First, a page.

Showing list of NuGet Packages for Entity Framework Core

Now let’s define DB model class file – /Models/TransactionModel.cs.

public class TransactionModel
    public int TransactionId { get; set; }

    [Column(TypeName ="nvarchar(12)")]
    [DisplayName("Account Number")]
    [Required(ErrorMessage ="This Field is required.")]
    [MaxLength(12,ErrorMessage ="Maximum 12 characters only")]
    public string AccountNumber { get; set; }

    [Column(TypeName ="nvarchar(100)")]
    [DisplayName("Beneficiary Name")]
    [Required(ErrorMessage = "This Field is required.")]
    public string BeneficiaryName { get; set; }

    [Column(TypeName ="nvarchar(100)")]
    [DisplayName("Bank Name")]
    [Required(ErrorMessage = "This Field is required.")]
    public string BankName { get; set; }

    [Column(TypeName ="nvarchar(11)")]
    [DisplayName("SWIFT Code")]
    [Required(ErrorMessage = "This Field is required.")]
    public string SWIFTCode { get; set; }

    [Required(ErrorMessage = "This Field is required.")]
    public int Amount { get; set; }

    [DisplayFormat(DataFormatString = "{0:MM/dd/yyyy}")]
    public DateTime Date { get; set; }


Here we’ve defined model properties for the transaction with proper validation. Now let’s define  DbContextclass for EF Core. core article core #add loading spinner in core core crud without reloading core jquery ajax form core modal dialog core mvc crud using jquery ajax core mvc with jquery and ajax core popup window #bootstrap modal popup in core mvc. bootstrap modal popup in core #delete and viewall in core #jquery ajax - insert #jquery ajax form post #modal popup dialog in core #no direct access action method #update #validation in modal popup

Einar  Hintz

Einar Hintz


MVC User Registration & Login with ASP.NET Core Identity

User registration and authentication are mandatory in any application when you have little concern about privacy. Hence all most all application development starts with an authentication module. In this article, we will discuss the quickest way to use **ASP.NET Core Identity for User Login and Registration **in a new or existing MVC application.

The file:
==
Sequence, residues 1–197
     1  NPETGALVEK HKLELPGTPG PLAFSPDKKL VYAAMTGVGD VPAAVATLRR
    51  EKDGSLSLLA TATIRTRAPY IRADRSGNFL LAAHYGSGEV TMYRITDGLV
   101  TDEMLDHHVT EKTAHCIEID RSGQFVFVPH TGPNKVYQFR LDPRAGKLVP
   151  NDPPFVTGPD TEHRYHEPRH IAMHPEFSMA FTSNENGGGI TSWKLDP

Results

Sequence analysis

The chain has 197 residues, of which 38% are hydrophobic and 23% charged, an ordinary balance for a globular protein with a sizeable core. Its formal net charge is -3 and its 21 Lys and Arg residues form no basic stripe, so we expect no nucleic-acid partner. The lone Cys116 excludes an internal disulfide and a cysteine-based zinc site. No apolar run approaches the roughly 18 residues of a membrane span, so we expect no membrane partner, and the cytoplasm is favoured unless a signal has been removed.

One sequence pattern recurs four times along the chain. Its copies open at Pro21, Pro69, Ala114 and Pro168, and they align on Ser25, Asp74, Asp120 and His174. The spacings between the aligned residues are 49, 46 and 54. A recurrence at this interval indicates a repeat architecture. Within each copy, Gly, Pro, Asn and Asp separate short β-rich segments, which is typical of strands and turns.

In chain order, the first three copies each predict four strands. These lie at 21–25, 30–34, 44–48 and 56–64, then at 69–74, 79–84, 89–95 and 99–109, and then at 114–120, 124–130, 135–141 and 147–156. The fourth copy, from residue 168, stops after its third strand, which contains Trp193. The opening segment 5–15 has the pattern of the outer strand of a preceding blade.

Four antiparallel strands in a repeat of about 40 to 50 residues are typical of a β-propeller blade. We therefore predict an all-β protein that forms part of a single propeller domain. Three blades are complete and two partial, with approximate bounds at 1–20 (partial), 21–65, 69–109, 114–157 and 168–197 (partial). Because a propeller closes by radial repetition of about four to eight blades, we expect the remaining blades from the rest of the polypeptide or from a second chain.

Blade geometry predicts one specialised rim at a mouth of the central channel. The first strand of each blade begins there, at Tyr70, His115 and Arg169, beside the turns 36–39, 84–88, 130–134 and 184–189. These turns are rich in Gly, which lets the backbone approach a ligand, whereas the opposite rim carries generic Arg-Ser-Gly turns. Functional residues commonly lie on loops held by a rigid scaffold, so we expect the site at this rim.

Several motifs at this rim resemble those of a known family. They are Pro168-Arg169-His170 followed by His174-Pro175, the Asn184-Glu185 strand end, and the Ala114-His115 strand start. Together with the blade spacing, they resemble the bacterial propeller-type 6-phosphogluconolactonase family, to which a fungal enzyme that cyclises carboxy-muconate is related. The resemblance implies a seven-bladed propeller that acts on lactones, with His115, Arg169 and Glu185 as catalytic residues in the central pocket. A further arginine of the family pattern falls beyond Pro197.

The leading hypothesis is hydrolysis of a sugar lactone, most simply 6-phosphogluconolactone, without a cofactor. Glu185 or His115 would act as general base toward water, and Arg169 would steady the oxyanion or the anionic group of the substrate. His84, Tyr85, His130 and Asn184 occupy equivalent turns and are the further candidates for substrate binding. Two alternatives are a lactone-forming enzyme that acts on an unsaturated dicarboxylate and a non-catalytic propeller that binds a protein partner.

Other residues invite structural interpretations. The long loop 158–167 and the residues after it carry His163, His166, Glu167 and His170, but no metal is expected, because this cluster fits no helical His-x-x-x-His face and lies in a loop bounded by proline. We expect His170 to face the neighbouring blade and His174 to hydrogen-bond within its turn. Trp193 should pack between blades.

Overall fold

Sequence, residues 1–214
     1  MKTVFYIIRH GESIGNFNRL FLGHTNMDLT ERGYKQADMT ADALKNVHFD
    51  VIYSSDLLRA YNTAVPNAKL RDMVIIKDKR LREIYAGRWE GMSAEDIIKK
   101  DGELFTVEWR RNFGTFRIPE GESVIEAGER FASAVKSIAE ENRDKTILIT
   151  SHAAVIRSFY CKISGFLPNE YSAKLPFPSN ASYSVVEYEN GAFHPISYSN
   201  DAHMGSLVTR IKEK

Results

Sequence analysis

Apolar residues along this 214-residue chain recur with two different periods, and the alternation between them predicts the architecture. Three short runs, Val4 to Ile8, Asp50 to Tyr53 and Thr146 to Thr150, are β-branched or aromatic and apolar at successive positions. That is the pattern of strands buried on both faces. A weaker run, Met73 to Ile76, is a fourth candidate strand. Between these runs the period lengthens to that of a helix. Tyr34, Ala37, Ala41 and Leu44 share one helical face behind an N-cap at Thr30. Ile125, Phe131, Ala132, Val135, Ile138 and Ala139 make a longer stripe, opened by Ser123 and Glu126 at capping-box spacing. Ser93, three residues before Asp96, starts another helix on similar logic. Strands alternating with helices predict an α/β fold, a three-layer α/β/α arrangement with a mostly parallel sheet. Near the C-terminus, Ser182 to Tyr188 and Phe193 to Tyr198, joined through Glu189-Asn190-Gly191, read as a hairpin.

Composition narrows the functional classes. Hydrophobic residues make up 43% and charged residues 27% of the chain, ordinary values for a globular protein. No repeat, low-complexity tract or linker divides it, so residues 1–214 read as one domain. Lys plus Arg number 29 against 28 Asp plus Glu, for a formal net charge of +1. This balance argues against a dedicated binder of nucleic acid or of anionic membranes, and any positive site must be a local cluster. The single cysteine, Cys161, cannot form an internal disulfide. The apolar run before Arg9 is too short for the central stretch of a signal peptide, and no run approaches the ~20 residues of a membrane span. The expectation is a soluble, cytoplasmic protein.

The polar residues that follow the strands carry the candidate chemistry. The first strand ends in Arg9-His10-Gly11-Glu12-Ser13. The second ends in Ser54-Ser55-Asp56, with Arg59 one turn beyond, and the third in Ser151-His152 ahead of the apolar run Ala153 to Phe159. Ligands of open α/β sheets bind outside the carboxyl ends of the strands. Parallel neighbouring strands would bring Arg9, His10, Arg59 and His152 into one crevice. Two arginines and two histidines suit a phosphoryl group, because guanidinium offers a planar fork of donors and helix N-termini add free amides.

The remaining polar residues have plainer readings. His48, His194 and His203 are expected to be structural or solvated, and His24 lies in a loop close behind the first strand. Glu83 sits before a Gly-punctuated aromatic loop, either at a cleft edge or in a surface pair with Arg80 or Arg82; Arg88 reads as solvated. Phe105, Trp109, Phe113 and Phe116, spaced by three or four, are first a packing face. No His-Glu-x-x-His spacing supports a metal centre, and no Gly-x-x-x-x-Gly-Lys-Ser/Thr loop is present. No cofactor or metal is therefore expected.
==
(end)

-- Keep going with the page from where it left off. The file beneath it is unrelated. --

Sub-topics discussed :

  • How to add ASP.NET Core Identity to MVC application.
  • Customize ASP.NET Core Identity.
  • Identity.UI Design Customization.
  • Next step.


ASP.NET Core Identity is an API, which provides both user interface(UI) and functions for user authentication, registration, authorization, etc. Modules/ APIs like this will really be helpful and fasten the development process. It comes with ASP.NET Core Framework and used in many applications before. Which makes the API more dependable and trustworthy.

ASP.NET Core MVC with user authentication can easily be accomplished using Identity.UI. While creating the MVC project, you just need to select Authentication as Individual User Accounts.

Showing how to create an MVC application with ASP.NET Core Identity API

The rest will be handled by ASP.NET Core Identity UI. It already contains razor view pages and backend codes for an authentication system. But that’s not what we want in most of the cases. we want to customize ASP.NET Core Identity as per our requirement. That’s what we do here.

Create an ASP.NET Core MVC Project

First of all, I will create a brand new ASP.NET Core MVC application without any authentication selected. We could add ASP.NET Core Identity later into the project.

In Visual Studio 2019, Go to File > New > Project (Ctrl + Shift + N). From new project window, select ASP.NET Core Web Application.

Create an ASP.NET Core Web application

Once you provide the project name and location. A new window will be opened as follows, Select _Web Application(Model-View-Controller), _uncheck _HTTPS Configuration _and DO NOT select any authentication method. Above steps will create a brand new ASP.NET Core MVC project.

Select Model View Controller templet under .NET Core core article core #add core identity to existing project core identity in mvc core mvc login and registration #login and logout in core

Get all of roles in asp net core core core mvc #Core core tutorials core with entity framework

Authorization in core core core mvc #Core core tutorials core with entity framework

AllowAnonymous in core core core mvc #Core core tutorials core with entity framework